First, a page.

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How do you ensure specialists are following health and safety protocol?

  • 19 Dec 2017

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Health and safety hasn’t always had the fairest of hearings has it? Whether it’s urban myths about people being banned from doing things or grumblings about red tape, the rules around health and safety are often seen in a negative light. Yet, it’s time we put the stereotypes to one side and consider what this is all about.

Consider these facts:

  • In the UK there are 1.3 million working people suffering from a work-related illness
  • 609,000 injuries occurred at work in 2016/17 according to the Labour Force Survey
  • 31.2 million working days were lost in 2016/17 as a result of work-related illness and workplace injury
  • The estimated cost of injuries and ill health is £14.9 billion 
  • Worst of all, 137 workers were killed at work in 2016/17
  • Those stats alone should show the seriousness of what we’re dealing with – from loss of productivity right up to loss of life.

It’s important, then, to take this seriously but that’s not to say it’s easy. Here’s our five step guide of what you need to consider when it comes to ensuring specialist workers keep up with the protocols and stay safe… 

Health and Safety Legislation

First of all, you need to know what the law is in relation to your industry. Don’t fall back on ‘what you learned years ago’ – legislation changes all of the time and it’s important that you refresh your knowledge to keep up with the times. Check the Health and Safety Executive’s website, any relevant Government department and, importantly, trade publications for your industry (if you’re not sure, find one here). These will often alert you to changes before they even come in. Only by being aware of the latest legislation can you ensure your workers are keeping up with the correct protocols.


Linked to the issue of legislation is that of training. Once you know the rules, you need to ensure the rest of your workforce does too. Every new member of staff must carry out training before they begin a specialist task – however, much the temptation is to ‘get on with it’ – and this training must be reinforced with regular refresher sessions. You can’t expect people to stay safe if they don’t know how to.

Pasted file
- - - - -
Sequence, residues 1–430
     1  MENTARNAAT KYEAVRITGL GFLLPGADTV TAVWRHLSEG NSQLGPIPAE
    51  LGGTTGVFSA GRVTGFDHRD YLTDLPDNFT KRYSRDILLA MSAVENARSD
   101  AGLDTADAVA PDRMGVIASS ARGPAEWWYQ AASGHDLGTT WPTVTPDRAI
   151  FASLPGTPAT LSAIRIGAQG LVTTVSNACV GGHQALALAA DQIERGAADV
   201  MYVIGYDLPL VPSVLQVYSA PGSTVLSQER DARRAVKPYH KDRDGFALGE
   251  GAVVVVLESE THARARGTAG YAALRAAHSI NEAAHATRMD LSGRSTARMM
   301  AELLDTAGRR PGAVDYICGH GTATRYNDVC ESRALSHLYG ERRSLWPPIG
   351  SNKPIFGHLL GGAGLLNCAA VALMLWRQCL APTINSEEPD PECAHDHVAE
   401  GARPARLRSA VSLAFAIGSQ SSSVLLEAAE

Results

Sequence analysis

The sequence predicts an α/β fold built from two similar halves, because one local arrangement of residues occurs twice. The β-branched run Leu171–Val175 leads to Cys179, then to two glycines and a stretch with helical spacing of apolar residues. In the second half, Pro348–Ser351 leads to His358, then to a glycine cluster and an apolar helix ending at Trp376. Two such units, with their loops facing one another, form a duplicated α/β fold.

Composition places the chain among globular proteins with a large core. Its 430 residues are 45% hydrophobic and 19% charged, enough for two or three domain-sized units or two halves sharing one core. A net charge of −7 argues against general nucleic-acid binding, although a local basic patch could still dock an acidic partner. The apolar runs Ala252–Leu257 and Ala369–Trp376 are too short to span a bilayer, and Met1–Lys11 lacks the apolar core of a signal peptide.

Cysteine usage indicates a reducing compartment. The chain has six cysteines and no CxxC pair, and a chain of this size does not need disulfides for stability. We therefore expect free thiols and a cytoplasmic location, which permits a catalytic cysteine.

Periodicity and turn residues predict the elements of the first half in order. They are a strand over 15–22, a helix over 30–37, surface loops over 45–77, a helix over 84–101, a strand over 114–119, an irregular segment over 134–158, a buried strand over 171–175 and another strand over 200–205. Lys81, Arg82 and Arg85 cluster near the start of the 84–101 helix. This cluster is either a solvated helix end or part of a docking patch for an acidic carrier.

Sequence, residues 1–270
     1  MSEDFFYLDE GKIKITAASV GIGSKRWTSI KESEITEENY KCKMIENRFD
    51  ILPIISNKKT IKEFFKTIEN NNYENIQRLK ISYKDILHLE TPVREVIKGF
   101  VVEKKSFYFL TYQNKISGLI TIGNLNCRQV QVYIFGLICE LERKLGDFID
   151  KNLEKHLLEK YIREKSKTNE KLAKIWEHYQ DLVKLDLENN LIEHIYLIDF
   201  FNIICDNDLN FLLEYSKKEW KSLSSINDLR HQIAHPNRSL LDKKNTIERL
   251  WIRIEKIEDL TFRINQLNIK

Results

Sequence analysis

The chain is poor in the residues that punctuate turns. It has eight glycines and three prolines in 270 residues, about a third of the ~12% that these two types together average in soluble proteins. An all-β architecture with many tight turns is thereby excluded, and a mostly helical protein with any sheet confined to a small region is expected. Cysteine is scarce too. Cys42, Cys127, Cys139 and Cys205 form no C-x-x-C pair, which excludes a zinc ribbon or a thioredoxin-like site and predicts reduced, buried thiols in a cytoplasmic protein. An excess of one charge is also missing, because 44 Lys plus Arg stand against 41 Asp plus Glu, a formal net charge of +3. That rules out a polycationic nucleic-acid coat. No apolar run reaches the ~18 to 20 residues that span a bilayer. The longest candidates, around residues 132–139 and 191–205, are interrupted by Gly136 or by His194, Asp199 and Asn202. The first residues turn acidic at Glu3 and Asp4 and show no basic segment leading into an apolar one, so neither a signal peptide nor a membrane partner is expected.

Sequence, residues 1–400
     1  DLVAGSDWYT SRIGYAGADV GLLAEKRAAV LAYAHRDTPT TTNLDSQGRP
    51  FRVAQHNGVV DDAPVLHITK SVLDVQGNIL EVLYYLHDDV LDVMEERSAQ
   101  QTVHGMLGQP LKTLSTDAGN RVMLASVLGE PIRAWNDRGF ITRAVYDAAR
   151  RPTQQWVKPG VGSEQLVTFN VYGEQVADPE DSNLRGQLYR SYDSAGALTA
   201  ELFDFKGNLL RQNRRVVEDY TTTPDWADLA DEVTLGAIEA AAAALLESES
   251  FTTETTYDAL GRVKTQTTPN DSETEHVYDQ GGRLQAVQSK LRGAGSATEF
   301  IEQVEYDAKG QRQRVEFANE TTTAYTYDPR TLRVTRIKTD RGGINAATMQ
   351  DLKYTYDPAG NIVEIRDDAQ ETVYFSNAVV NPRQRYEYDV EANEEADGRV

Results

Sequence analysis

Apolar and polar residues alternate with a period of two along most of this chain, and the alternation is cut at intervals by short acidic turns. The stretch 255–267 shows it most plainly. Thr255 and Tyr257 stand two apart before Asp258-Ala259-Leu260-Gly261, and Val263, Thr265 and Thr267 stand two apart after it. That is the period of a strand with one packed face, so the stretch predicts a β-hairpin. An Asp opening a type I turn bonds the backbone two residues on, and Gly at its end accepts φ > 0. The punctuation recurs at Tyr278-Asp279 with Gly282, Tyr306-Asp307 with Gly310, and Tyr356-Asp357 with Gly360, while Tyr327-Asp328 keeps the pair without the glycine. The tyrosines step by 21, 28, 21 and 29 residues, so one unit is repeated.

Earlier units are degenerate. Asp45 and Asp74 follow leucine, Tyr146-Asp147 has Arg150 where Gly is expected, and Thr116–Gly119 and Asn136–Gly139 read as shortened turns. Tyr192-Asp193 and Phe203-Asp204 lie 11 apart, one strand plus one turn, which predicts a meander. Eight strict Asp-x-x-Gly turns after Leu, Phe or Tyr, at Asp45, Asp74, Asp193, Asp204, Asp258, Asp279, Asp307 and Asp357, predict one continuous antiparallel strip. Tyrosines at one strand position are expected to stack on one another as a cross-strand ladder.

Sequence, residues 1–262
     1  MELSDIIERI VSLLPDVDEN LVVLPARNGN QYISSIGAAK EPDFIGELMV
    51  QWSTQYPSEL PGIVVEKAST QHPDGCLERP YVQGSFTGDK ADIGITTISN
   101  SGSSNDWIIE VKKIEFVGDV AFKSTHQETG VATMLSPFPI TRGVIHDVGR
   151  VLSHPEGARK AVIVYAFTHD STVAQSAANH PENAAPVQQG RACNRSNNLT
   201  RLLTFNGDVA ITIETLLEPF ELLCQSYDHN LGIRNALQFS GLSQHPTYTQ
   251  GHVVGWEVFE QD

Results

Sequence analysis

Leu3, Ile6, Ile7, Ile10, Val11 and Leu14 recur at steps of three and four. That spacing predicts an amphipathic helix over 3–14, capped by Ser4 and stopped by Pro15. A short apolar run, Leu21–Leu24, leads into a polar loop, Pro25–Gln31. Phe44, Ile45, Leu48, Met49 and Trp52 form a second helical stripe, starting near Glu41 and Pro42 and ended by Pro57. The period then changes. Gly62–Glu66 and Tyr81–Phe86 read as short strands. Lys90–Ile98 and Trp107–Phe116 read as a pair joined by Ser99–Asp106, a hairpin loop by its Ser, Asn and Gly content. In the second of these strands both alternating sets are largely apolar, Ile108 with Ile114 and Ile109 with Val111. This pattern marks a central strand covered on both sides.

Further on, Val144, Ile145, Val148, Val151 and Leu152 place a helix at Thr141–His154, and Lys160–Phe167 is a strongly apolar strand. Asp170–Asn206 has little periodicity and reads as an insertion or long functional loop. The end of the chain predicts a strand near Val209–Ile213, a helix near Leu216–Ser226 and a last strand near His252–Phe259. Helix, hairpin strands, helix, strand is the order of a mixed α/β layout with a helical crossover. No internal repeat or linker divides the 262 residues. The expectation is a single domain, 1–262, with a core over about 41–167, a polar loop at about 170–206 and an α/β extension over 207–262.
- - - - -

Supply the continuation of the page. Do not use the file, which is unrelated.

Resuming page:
Training is only part of your obligation as an employer. As well as the knowledge needed to do their jobs safely, employees need to be given the right equipment. From a health and safety perspective, this means businesses ensuring that their equipment is functioning correctly and operates in a way that protects workers engaged in specialist activities and makes their job as straightforward as possible.


Training and equipment have to be backed up by effective communication structures. Specialist workers need to have a clear idea of what they are being asked to do and when and, crucially, how to report any issues or concerns they might have. Failure to listen to and fix any problems identified by those on the front line could lead to bigger trouble in the future.


Finally, the importance of monitoring should not be missed. Checking up on the training and equipment you’ve offered and its success – as well as reviewing your communication process – is important to ensure the work you’ve put in has paid off. This isn’t about snooping on people – it’s about checking you are doing all you can to keep them safe.


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